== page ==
Very low enthalpy geothermal systems are increasingly considered for heating or cooling using groundwater energy combined with heat pumps. The design and the impact of shallow geothermal systems are often assessed in a semi-empirical way. It is accepted by most of the private partners but not by environmental authorities deploring a lack of rigorous evaluation of the mid- to long-term impact on groundwater. In view of a more rigorous methodology, heat and dye tracers are used for estimating simultaneously heat transfer and solute transport parameters in an alluvial aquifer. The experimental field site, is equipped with 21 piezometers drilled in alluvial deposits composed of a loam layer overlying a sand and gravel layer constituting the alluvial aquifer. The tracing experiment consisted in injecting simultaneously heated water and a dye tracer in a piezometer and monitoring evolution of groundwater temperature and tracer concentration in 3 control panels set perpendicularly to the main groundwater flow. Results showed drastic differences between heat transfer and solute transport due to the main influence of thermal capacity of the saturated porous medium. The tracing experiment was then simulated using a numerical model and the best estimation of heat transfer and solute transport parameters is obtained by calibrating this numerical model using inversion tools. The developed concepts and tests may lead to real projects of various extents that can be now optimized by the use of a rigorous and efficient methodology at the field scale. [less ▲]

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See detailUsing multiple point geostatistics for tracer test modeling in a clay-drape environment with spatially variable conductivity and sorption coefficient
Huysmans, Marijke; Orban, Philippe ULg; Cochet, Elke et al

in Mathematical Geosciences (2013), 46(5), 519-537

This study investigates the effect of fine-scale clay drapes on tracer transport. A tracer test was performed in a sandbar deposit consisting of cross-bedded sandy units intercalated with many fine-scale ... [more ▼]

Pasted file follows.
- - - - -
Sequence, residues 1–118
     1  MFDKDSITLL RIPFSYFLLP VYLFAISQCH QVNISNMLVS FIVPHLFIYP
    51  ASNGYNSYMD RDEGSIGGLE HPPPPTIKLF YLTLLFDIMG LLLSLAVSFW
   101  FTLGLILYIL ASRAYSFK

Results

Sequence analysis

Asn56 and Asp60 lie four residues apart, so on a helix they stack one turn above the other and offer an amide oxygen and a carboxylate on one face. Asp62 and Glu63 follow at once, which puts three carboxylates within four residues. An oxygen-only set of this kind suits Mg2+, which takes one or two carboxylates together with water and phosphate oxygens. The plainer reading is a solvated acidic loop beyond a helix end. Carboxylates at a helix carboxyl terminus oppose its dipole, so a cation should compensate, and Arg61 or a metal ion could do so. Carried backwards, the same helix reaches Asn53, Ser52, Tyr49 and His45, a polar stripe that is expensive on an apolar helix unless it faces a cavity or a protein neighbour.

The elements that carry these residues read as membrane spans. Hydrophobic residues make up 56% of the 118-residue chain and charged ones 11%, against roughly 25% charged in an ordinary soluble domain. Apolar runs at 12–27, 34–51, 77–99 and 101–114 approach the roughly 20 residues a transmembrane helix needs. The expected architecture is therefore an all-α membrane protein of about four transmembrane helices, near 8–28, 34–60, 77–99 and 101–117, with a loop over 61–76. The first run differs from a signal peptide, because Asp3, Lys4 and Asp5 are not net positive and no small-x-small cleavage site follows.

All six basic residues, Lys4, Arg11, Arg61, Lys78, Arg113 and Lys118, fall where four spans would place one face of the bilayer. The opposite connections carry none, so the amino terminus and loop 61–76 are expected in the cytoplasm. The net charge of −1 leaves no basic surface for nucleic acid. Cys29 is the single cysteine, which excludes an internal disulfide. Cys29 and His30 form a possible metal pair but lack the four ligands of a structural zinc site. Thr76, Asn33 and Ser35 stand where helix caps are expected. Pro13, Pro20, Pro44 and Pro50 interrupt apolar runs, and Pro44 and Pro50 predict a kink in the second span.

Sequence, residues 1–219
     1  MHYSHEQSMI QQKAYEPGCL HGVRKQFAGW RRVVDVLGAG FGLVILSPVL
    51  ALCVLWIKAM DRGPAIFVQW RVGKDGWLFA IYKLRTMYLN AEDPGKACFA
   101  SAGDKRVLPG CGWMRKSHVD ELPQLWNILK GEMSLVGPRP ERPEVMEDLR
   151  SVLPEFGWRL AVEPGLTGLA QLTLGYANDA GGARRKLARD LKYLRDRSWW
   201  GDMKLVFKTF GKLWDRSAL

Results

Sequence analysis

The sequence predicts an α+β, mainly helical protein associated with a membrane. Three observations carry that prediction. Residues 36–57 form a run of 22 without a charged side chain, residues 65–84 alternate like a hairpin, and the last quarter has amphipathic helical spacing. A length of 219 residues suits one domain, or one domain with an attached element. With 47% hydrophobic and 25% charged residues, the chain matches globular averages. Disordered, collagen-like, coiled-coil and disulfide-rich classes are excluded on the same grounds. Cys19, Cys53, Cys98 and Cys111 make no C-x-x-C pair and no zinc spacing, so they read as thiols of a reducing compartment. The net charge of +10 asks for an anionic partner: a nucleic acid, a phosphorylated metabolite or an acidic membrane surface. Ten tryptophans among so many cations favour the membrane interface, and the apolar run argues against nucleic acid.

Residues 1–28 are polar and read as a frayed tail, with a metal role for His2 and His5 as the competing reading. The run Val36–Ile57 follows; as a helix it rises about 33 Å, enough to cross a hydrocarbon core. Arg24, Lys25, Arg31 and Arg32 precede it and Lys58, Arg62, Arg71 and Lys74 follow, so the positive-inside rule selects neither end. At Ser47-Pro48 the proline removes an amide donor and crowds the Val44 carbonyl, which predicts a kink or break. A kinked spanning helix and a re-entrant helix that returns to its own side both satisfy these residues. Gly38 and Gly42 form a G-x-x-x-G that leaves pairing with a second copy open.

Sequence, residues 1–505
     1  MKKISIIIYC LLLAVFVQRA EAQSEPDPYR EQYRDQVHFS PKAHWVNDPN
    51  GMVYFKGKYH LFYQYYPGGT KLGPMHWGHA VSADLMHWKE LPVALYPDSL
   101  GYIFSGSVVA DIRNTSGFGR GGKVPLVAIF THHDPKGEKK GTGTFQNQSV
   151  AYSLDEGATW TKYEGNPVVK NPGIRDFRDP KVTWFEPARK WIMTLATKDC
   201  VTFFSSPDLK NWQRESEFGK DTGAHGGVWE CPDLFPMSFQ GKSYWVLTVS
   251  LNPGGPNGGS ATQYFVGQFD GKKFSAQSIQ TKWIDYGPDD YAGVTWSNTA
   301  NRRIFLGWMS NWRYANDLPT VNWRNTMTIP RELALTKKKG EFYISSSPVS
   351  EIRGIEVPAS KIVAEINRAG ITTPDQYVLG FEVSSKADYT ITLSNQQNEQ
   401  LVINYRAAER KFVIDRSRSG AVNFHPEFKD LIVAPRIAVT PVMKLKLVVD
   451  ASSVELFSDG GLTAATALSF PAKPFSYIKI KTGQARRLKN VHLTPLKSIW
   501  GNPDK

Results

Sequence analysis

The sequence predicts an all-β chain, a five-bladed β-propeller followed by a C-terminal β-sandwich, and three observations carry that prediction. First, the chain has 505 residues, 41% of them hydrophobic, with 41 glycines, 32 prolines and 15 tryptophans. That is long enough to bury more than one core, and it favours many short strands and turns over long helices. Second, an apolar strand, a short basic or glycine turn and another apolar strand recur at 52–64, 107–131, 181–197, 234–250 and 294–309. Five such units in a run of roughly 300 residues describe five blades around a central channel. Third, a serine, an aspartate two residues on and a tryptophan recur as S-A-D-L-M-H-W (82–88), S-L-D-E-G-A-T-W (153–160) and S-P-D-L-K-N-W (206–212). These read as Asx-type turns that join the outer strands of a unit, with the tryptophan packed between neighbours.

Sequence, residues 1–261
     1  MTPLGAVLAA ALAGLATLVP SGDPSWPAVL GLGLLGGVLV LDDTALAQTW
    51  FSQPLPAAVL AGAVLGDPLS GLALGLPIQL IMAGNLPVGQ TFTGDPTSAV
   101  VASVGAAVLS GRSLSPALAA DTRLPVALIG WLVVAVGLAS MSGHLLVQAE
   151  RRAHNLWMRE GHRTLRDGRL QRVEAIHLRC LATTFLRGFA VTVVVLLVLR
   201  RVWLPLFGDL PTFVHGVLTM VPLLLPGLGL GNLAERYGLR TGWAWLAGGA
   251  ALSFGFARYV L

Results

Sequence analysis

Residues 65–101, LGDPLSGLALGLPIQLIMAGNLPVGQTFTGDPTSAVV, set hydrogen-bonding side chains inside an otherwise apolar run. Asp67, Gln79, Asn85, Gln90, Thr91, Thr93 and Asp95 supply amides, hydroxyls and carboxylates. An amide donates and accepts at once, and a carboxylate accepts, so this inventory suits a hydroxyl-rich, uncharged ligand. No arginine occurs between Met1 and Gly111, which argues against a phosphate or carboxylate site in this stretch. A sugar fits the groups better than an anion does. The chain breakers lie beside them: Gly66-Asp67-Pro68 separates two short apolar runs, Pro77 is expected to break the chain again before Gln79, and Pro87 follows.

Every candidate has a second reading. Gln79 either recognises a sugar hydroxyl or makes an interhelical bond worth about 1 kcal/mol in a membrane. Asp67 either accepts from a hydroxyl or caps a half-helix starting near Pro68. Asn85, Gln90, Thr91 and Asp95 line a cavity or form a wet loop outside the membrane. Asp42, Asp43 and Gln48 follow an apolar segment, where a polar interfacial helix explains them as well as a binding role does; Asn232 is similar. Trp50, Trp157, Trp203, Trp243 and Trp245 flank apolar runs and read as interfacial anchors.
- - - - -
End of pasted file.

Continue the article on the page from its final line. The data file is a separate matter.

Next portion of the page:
This study investigates the effect of fine-scale clay drapes on tracer transport. A tracer test was performed in a sandbar deposit consisting of cross-bedded sandy units intercalated with many fine-scale clay drapes. The heterogeneous spatial distribution of the clay drapes causes a spatially variable hydraulic conductivity and sorption coefficient. A fluorescent tracer (sodium naphthionate) was injected in two injection wells and groundwater was sampled and analyzed from five pumping wells. To determine (1) whether the fine-scale clay drapes have a significant effect on the measured concentrations and (2) whether application of multiple-point geostatistics can improve interpretation of tracer tests in media with complex geological heterogeneity, this tracer test is analyzed with a local 3D groundwater flow and transport model in which fine-scale sedimentary heterogeneity is modeled using multiple-point geostatistics. To reduce memory needs and calculation time for the multiple-point geostatistical simulation step, this study uses the technique of "direct multiple-point geostatistical simulation of edge properties". Instead of simulating pixel values, model cell edge properties indicating the presence of irregularly-shaped surfaces are simulated using multiple point geostatistical simulations. Results of a sensitivity analysis show under which conditions clay drapes have a significant effect on the concentration distribution. Calibration of the model against measured concentrations from the tracer tests reduces the uncertainty on the clay drape parameters. The calibrated model shows which features of the breakthrough curves can be attributed to the geological heterogeneity of the aquifer and which features are caused by other processes. [less ▲]